“I call pitches for these guys – I call them suggestions – they can shake anytime they want,” Valenzuela said of his in-game approach. “And I want them to. I always tell them ‘if I call a suggestions and you guys shake and give up a home run I will never say anything. That’s the pitch you want to throw.’ Plus it takes away the excuse factor too. You call a pitch and they give up a home run they can’t look in the dugout like ‘I didn’t even want to throw that pitch.’ They can’t do that in this system.”

The offense had enjoyed a similar turnaround. Valenzuela had brought associate head coach Bryan Peters with him from Saint Mary’s to Long Beach. Peters, who spent one year at Saint Mary’s with Valenzuela, had a long track record of success at several different schools in Florida, most recently guiding offensive juggernaut Nova Southeastern at the NCAA Division II level.

Under Peters’ tutelage it was clear the players had quickly adjusted to the new style of offense being taught to them. And it wasn’t just the same old West Coast offensive that is all about moving runners over and manufacturing runs. Valenzuela also knew he couldn’t make excuses for playing his home games at spacious Blair Field.

“Blair Field is just a great way for guys to make an excuse of why we can’t be successful offensively,” Valenzuela said. “We just refuse to believe that. We’re going to use it to our advantage. A big field means bigger fans and bigger lines and we’re going to drive baseball into those gaps, down the lines and over the fence. If the game calls for a bunt or a drag or a push or a ground ball to second base to move a guy over with nobody out, we’re going to do those things too.”

While the hitting numbers weren’t as gaudy as the pitching ones, four regulars were batting .290 or better. Blair Field had suppressed the power numbers, but the team was executing, getting on base and moving guys over to create more run scoring opportunities.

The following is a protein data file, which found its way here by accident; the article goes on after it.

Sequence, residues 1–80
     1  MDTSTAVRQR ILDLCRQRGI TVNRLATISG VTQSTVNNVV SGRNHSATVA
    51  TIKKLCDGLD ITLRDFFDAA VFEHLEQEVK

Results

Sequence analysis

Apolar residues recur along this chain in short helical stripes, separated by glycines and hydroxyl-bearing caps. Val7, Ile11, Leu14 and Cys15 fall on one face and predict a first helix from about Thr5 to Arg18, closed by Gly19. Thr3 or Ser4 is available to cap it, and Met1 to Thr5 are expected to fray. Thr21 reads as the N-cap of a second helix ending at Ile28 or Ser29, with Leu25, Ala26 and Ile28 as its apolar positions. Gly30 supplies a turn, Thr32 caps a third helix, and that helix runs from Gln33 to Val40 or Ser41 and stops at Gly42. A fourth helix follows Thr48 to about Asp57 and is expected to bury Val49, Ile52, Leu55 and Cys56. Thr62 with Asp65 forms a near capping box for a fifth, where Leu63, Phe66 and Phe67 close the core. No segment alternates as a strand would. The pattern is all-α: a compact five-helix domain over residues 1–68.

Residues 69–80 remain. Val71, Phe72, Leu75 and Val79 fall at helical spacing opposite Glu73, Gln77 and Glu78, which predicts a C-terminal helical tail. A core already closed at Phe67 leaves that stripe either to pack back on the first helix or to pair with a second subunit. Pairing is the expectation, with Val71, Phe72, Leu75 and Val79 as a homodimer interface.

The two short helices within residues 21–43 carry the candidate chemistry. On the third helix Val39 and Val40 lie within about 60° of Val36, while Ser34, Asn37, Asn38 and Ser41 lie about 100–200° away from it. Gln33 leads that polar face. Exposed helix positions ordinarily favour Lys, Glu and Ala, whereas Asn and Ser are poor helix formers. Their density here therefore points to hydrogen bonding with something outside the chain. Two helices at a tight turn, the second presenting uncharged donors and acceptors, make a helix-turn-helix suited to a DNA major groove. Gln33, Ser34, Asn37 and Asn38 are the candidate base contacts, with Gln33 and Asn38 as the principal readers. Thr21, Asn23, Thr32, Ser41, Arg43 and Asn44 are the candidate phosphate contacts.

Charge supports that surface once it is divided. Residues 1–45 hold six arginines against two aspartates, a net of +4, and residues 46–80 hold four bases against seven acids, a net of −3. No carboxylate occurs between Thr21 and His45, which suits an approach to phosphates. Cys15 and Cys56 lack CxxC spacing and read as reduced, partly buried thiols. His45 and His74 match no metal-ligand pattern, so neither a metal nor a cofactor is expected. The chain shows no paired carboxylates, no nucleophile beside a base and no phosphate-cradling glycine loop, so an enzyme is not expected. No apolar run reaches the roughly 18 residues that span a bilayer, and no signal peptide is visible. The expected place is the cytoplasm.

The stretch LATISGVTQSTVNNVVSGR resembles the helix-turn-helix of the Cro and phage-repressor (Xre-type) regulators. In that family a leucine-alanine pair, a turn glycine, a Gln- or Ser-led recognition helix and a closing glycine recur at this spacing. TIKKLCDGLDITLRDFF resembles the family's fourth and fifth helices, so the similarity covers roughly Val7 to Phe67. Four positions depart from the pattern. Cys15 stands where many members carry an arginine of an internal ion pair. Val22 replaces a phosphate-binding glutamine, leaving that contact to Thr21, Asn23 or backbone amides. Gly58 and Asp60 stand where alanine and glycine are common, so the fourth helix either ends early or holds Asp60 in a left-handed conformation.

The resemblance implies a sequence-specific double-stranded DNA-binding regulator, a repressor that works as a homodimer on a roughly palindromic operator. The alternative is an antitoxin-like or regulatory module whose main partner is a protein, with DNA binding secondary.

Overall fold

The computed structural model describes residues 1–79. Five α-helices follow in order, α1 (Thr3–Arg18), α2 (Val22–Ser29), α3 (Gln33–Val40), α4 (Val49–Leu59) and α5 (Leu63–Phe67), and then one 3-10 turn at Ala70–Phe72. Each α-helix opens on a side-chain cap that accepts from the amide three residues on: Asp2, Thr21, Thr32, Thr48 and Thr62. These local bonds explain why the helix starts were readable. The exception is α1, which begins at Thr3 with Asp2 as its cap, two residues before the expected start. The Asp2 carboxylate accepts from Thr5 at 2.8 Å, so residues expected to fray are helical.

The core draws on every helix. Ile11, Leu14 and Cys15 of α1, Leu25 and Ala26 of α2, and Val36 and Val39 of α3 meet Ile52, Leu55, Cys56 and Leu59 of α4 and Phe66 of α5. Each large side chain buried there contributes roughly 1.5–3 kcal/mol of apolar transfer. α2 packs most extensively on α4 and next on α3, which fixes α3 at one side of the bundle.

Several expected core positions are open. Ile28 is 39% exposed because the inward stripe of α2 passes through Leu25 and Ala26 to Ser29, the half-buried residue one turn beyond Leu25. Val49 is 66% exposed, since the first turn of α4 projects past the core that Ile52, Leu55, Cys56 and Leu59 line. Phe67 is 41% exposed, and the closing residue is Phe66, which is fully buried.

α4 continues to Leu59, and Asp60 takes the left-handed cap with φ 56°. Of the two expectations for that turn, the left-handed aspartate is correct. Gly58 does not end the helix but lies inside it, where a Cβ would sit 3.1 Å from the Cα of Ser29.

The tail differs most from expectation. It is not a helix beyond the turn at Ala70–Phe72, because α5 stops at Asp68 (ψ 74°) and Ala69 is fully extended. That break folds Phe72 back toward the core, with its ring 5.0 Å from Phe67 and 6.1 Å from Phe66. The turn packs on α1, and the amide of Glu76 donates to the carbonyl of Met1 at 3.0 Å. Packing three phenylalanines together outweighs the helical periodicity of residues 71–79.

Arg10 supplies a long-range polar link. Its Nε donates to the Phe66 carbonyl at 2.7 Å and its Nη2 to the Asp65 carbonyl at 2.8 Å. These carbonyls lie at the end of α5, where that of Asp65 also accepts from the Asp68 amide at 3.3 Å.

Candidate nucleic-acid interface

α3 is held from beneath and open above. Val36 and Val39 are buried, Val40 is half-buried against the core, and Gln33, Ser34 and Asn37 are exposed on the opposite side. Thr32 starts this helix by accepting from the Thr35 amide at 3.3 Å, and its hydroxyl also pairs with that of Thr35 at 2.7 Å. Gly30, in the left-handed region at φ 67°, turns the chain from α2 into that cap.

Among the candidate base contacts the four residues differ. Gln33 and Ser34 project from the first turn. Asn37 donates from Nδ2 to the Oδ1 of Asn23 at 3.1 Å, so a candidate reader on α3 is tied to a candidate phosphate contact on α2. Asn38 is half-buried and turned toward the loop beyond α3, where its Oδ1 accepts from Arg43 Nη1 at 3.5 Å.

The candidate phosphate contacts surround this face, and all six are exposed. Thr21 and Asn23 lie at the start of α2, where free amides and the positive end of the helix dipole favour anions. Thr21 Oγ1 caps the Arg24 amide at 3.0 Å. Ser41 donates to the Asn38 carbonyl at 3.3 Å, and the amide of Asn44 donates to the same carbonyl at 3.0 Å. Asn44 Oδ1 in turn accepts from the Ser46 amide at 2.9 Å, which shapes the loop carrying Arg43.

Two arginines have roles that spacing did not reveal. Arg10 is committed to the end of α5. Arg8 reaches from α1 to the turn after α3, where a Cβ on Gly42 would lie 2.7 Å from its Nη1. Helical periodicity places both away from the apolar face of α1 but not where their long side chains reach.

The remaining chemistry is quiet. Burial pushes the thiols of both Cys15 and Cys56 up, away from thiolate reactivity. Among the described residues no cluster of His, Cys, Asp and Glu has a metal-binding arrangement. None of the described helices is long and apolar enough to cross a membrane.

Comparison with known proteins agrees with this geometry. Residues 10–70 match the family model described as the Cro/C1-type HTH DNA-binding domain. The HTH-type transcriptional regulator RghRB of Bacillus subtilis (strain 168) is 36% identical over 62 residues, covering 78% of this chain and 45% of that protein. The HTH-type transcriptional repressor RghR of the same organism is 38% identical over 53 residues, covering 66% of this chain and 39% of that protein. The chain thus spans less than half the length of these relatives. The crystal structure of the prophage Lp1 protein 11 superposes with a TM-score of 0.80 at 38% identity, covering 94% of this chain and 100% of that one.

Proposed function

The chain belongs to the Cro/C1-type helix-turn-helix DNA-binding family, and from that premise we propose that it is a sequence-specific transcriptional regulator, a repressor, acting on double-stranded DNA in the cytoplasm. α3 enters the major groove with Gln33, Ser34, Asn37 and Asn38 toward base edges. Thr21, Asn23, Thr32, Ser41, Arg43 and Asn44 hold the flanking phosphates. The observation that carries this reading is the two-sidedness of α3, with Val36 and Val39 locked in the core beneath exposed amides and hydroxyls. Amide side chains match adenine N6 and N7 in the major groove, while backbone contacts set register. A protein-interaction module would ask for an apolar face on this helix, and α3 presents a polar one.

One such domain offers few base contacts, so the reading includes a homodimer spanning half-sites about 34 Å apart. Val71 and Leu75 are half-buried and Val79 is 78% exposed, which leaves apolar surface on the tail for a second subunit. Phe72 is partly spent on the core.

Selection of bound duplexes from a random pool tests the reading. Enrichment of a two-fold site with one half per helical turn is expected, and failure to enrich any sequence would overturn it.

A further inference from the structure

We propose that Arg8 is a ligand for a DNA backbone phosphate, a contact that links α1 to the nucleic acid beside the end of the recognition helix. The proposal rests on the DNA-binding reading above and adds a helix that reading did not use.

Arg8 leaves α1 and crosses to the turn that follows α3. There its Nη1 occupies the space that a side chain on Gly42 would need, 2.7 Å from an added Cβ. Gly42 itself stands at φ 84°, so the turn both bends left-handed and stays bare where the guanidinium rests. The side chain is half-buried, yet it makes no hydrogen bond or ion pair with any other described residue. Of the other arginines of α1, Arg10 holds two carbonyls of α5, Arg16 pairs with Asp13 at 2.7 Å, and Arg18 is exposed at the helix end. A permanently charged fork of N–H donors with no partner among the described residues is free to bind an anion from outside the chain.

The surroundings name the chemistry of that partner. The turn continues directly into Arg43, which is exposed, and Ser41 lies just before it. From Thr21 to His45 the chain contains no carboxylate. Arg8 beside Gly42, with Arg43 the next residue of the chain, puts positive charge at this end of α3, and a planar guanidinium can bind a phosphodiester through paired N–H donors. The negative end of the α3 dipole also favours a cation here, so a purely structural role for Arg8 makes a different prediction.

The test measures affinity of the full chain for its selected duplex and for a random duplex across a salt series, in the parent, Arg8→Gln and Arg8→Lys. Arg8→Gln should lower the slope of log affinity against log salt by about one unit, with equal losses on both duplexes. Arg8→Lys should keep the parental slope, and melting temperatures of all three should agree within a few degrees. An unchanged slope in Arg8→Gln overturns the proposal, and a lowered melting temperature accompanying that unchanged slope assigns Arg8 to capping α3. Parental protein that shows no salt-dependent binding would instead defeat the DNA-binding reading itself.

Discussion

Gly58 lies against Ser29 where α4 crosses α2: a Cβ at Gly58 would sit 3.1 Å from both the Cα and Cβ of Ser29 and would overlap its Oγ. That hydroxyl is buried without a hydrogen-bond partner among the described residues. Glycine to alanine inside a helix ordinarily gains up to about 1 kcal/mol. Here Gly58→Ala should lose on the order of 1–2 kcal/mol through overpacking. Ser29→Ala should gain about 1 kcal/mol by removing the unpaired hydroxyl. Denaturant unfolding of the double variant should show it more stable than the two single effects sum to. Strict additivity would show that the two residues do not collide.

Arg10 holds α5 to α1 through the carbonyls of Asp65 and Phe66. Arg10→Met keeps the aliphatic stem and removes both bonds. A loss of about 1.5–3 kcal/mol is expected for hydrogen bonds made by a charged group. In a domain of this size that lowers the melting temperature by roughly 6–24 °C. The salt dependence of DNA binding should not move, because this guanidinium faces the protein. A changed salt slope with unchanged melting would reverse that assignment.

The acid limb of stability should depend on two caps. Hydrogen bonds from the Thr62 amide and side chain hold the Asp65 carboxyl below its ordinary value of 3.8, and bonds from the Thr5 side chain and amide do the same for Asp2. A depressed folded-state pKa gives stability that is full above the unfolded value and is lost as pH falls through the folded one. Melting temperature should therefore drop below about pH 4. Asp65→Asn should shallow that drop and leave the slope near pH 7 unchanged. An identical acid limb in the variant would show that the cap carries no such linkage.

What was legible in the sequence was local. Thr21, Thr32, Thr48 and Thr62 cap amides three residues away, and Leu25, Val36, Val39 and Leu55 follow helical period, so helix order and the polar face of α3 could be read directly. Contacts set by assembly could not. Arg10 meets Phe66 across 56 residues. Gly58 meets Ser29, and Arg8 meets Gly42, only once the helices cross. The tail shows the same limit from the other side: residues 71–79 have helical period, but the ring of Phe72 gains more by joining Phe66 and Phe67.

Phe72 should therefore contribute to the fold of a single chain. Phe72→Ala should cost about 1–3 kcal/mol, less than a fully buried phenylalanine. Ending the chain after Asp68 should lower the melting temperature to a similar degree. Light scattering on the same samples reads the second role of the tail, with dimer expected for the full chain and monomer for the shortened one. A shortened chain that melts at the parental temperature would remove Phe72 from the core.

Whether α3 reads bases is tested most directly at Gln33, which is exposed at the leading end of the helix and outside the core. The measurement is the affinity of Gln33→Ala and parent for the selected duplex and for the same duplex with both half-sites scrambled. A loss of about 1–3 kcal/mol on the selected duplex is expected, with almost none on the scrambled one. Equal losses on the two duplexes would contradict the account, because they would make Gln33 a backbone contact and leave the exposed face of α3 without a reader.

Redshirt freshman Connor Kokx, who missed most of 2019 due to injury, was batting .400 with five doubles. Calvin Estrada had six two-baggers while batting .290. Leonard Jones had two of the team’s three home runs while batting .327 with a team-leading nine RBI, 28 total bases and a .509 slugging percentage.

And the more you listen to Valenzuela talk you realize for as simple as the concepts he preaches are getting those concepts to translate into wins is much easier said than done. Getting back to the basics, playing good defense, throwing strikes, executing on offense and playing with an energy and passion are all things you’ll frequently hear him say. And when he says those things with the amount of passion that he does, it’s hard not to take him seriously.

“You’ve been punched in the jaw (already), moving forward nothing else can hurt you,” Valenzuela said. “Play with nothing to lose. The expectation on a higher level from the fans and everything else is huge, but at this point in time coming off of the season they had (in 2019) there’s no pressure at all. Let’s just go out there and have fun.

“Everybody wants to win. It’s just the question is how. You can win game simply by playing good baseball.”

Once the Dirtbags touched down in New Orleans Valenzuela knew his day wasn’t done. His initial thought was to get to the team hotel and grab a meal before trying to put together the pieces on their return trip. It ultimately was decided that they would fly back the very same day, making for an especially long and emotional travel day.

But before that happened he also wanted to make sure they made the most of their whirlwind one-day adventure, taking in some culture with some Po Boys and a stop at New Orleans’ most iconic location: Bourbon Street.

Once back in Long Beach the LBSU players, along with those across the nation, knew the season was over. Some held out hope that conference play would somehow resume, even if there was no College World Series to cap things off.

And while the Dirtbags didn’t get the opportunity to see if they could repeat the team’s magical turnaround and overall run from 1989, it’s clear that the program had re-captured the aura and essence that has made it unique for so many years.

“I want our fans and recruits to see that we’re definitely fundamentally strong,” concluded Valenzuela. “We’re tough and we’re going to play some good baseball.”